Zimbabwean president Robert Mugabe 'confined to home'
The country's army has taken control of government offices and the state broadcaster.
Zimbabwe's President Robert Mugabe has been confined to his home after the country's army took control of government offices and the state broadcaster.
The night's action has triggered speculation of a coup, with the leader of Zimbabwe's War Veterans Association telling ITV News the military had removed Mugabe.
A spokesperson for South African President Jacob Zuma said he had spoken to Mugabe who confirmed to him he had been "confined to his home".
Armed soldiers in armoured personnel carriers have stationed themselves at key points in Harare, while Zimbabweans formed long lines at banks in order to withdraw the limited cash available, a routine chore in the country's ongoing financial crisis.
In an address to the nation after taking control of the Zimbabwe Broadcasting Corporation, an army spokesman said the military was targeting "criminals" around Mugabe, and sought to reassure the country that order would be restored.
The statement, read out by Major General S.B. Moyo, said: "We wish to assure the nation that his excellency the president... and his family are safe and sound and their security is guaranteed."
"We are only targeting criminals around him who are committing crimes... that are causing social and economic suffering in the country," he continued.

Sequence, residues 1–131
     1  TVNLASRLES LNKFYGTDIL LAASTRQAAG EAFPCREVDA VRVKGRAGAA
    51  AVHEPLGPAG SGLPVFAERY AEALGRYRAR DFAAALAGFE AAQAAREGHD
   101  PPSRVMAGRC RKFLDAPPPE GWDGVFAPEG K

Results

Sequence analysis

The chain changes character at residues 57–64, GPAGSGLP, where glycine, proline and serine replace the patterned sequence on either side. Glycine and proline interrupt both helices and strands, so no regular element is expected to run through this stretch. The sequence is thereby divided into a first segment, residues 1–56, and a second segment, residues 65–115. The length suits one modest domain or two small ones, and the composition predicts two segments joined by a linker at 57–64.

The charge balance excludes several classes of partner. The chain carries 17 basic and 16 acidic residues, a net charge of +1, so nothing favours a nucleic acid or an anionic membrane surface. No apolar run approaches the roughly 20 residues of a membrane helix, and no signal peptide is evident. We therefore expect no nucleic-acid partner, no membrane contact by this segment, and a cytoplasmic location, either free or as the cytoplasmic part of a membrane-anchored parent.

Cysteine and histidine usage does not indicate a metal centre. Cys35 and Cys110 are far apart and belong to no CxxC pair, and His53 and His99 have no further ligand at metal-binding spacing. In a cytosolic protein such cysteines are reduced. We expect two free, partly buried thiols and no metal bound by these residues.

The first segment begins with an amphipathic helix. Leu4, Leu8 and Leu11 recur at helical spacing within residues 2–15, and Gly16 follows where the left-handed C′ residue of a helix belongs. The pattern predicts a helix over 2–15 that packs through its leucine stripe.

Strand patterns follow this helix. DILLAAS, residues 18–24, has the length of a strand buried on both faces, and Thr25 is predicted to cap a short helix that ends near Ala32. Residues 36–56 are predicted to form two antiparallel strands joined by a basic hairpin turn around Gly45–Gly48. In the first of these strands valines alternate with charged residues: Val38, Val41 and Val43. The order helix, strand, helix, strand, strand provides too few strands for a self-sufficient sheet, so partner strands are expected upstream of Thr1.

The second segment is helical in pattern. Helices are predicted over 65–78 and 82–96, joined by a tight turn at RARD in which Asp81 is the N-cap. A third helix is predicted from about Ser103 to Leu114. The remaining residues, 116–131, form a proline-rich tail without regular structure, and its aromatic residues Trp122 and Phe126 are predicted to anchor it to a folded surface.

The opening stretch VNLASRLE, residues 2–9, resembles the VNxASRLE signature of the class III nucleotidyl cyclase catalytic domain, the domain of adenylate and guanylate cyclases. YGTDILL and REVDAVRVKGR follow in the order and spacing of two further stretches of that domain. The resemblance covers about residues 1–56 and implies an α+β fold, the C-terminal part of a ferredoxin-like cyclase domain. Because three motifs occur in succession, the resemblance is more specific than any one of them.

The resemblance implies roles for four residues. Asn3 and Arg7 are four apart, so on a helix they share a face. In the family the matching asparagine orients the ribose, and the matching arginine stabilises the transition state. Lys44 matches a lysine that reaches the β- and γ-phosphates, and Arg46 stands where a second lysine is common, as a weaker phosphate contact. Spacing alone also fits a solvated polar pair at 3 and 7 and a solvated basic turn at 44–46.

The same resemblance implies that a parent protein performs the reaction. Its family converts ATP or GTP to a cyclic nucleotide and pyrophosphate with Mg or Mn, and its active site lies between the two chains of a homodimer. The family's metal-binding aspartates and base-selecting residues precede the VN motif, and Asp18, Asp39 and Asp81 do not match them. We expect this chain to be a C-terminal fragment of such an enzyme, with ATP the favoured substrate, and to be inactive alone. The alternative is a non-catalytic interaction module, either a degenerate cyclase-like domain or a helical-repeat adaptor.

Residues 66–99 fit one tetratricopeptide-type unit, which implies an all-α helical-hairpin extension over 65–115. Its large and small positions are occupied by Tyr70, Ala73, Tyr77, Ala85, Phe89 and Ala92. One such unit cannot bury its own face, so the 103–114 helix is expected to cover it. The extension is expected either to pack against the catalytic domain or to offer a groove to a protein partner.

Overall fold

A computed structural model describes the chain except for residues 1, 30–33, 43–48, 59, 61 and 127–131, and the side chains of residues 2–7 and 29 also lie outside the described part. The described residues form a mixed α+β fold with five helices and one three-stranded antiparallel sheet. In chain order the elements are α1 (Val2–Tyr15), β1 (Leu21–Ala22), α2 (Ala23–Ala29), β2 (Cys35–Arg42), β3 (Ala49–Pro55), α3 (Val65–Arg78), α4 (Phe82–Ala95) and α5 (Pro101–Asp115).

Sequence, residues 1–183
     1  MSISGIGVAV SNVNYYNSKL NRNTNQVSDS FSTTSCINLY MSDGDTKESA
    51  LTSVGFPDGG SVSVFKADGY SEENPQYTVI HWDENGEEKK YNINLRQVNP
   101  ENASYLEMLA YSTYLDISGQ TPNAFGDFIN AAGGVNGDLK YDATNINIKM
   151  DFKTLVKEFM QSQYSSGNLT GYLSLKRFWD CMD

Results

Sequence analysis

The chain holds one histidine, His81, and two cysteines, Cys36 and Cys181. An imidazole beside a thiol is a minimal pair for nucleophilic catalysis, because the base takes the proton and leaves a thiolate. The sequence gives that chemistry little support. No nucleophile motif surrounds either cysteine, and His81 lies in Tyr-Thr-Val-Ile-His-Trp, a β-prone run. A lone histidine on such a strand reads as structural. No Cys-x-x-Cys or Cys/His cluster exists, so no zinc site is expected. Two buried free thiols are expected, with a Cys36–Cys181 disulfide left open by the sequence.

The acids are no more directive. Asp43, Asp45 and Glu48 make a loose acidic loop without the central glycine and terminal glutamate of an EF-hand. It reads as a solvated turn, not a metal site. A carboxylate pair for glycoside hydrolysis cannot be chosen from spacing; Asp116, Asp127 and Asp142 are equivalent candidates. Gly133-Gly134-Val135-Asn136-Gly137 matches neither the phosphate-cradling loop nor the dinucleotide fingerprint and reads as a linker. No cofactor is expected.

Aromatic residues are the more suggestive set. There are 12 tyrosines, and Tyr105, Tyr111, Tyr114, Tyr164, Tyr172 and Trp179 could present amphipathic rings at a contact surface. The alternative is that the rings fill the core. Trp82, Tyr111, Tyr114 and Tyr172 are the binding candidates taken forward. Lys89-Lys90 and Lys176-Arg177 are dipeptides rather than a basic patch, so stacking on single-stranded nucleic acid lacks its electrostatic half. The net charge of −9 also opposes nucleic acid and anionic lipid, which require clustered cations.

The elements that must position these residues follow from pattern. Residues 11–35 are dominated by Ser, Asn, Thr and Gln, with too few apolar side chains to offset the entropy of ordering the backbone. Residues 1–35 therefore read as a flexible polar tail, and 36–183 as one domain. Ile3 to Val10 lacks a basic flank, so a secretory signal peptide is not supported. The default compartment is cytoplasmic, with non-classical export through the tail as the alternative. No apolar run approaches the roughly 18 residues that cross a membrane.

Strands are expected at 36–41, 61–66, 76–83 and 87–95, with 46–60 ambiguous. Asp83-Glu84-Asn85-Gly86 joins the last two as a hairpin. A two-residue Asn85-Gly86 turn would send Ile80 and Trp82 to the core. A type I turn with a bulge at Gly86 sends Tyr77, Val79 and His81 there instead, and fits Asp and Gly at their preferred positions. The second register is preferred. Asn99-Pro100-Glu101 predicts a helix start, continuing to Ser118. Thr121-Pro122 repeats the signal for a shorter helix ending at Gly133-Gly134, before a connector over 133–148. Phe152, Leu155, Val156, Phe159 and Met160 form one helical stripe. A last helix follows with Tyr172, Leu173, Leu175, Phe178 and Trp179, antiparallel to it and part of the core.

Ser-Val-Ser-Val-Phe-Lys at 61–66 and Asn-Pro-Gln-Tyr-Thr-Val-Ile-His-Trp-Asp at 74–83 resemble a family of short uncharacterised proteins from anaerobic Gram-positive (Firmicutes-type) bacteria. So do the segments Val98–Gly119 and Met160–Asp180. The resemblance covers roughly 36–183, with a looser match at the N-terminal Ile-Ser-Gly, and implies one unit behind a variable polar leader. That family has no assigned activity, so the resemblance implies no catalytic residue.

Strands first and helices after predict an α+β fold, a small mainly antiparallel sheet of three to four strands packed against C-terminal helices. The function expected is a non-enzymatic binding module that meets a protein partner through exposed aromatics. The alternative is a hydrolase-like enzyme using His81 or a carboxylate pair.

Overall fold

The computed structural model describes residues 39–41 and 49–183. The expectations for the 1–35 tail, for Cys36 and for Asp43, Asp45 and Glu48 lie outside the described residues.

"As soon as we have accomplished our mission, we expect that the situation will return to normalcy."
Chris Mutsvangwa, the head of Zimbabwe's influential war veterans' association, told ITV News Africa Correspondent John Ray the military had removed Mugabe.
Mr Mutsvangwa indicated there were plans to install exiled former vice-president Emmerson Mnangagwa as leader but also include the opposition.
Mugabe - the world's oldest head of state - last week fired Mnangagwa and accused him of plotting to take power, including through witchcraft.
Mnangagwa, who enjoys the military's backing, fled Zimbabwe for South Africa after claiming he'd been threatened.
More than 100 senior officials allegedly supportive of Mnangagwa were listed for disciplinary measures by a faction associated with Grace Mugabe.
Infighting over who will succeed Mugabe has been rife, with Mrs Mugabe seen as a possible successor.
Grace Mugabe, 52, has been criticised for a fiery temper and lavish shopping expeditions, but her rising political profile has some asking whether she is manoeuvring to succeed her husband.
She recently said that Zimbabwe's ruling party should restore a provision in its constitution stating that one of the party's vice presidents should be a woman, and has publicly challenged her husband to name a successor.
Earlier on Wednesday, three armoured personnel carriers with several soldiers in a convoy were seen heading toward an army barracks just outside the capital, Harare, the Associated Press reported.
While military vehicle movement there is routine, the timing heightened unease that for the first time is seeing an open rift between the military and Mugabe.
The military has been a key pillar of Mugabe's power since independence from white minority rule in 1980.
A senior police official told Associated Press all national police officers on leave have been recalled to their posts immediately.
Asked about the UK's response to the developments in Zimbabwe, during Prime Minister's Questions, Mrs May said the situation is being monitored carefully, adding that it is still "fluid".
"We would urge restraint on all sides because we want to see and would call for an avoidance of violence," she told MPs.
The prime minister added that the UK's primary concern is the safety of British nationals in Harare, and recommended that they stay at home until the situation "becomes clearer".